< /ˈkeɪ əs/Julius,c100–44 b.c., Roman general, statesman, and historian.
- either a Caesar or nothing; all or nothing.
- Gaius Julius (ˈɡaɪəs ˈdʒuːlɪəs). 100–44 bc, Roman general, statesman, and historian. He formed the first triumvirate with Pompey and Crassus (60), conquered Gaul (58–50), invaded Britain (55–54), mastered Italy (49), and defeated Pompey (46). As dictator of the Roman Empire (49–44) he destroyed the power of the corrupt Roman nobility. He also introduced the Julian calendar and planned further reforms, but fear of his sovereign power led to his assassination (44) by conspirators led by Marcus Brutus and Cassius Longinus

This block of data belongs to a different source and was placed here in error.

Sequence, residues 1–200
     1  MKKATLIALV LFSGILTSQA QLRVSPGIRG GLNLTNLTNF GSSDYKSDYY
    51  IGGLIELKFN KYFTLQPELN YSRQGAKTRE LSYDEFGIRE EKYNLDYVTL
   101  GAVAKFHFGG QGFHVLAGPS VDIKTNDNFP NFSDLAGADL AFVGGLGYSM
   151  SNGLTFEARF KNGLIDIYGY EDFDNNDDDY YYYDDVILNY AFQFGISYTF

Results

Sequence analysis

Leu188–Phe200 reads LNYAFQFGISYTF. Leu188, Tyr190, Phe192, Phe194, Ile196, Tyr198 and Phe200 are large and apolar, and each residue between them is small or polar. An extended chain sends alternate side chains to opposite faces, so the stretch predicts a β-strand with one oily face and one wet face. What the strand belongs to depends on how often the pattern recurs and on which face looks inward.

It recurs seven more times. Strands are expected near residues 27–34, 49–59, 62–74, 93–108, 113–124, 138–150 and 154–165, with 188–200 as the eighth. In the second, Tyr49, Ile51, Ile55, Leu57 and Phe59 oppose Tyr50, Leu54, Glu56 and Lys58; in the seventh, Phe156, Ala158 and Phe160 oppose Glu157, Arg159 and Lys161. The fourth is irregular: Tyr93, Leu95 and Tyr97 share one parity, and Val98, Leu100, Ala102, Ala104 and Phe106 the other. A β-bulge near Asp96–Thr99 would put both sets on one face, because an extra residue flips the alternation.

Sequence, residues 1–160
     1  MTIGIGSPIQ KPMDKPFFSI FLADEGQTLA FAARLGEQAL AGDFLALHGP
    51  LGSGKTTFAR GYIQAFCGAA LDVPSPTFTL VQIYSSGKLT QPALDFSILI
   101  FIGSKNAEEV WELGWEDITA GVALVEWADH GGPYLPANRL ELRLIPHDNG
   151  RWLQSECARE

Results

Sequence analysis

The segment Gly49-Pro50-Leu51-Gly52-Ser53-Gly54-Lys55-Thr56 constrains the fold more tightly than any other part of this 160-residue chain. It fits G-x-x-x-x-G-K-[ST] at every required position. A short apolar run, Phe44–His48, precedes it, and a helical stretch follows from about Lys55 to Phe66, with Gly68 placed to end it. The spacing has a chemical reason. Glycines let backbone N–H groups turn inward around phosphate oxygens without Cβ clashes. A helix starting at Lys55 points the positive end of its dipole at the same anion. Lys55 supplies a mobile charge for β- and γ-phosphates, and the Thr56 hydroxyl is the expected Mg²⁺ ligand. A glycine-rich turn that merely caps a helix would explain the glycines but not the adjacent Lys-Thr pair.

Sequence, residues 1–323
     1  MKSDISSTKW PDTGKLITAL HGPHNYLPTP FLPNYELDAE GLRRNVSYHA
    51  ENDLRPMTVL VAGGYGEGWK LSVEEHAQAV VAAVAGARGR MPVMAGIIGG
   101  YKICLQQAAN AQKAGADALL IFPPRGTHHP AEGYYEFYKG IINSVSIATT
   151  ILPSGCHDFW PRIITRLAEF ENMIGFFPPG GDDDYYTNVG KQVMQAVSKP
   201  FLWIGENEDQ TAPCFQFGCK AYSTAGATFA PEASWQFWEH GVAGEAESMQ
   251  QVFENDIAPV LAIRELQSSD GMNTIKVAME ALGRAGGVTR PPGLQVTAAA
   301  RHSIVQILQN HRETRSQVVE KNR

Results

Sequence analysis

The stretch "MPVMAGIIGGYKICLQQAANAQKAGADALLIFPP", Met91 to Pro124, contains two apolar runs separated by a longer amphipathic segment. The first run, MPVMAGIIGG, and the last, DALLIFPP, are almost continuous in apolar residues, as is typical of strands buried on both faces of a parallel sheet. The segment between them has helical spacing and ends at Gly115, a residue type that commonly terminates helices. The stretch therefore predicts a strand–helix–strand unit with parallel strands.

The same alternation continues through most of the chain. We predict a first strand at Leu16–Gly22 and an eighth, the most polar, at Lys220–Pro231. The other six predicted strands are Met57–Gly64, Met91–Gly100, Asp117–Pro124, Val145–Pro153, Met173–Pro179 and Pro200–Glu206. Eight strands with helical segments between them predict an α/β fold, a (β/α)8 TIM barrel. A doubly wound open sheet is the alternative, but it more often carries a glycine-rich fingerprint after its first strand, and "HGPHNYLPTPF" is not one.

- any Roman emperor
- (sometimes not capital) any emperor, autocrat, dictator, or other powerful ruler
- a title of the Roman emperors from Augustus to Hadrian
- (in the Roman Empire)
- a title borne by the imperial heir from the reign of Hadrian
- the heir, deputy, and subordinate ruler to either of the two emperors under Diocletian’s system of government
- short for Caesar salad
c.1200, see caesarian; Old English had casere, which would have yielded modern *coser, but it was replaced in Middle English by keiser, from Norse or Low German, and later in Middle English by the French or Latin form of the name. Cæsar was used as a title of emperors down to Hadrian (138 C.E.), and also is the root of German Kaiser and Russian tsar (see czar). He competes as progenitor of words for “king” with Charlemagne (Latin Carolus), as in Lithuanian karalius, Polish krol. In U.S. slang c.1900, a sheriff was Great Seizer.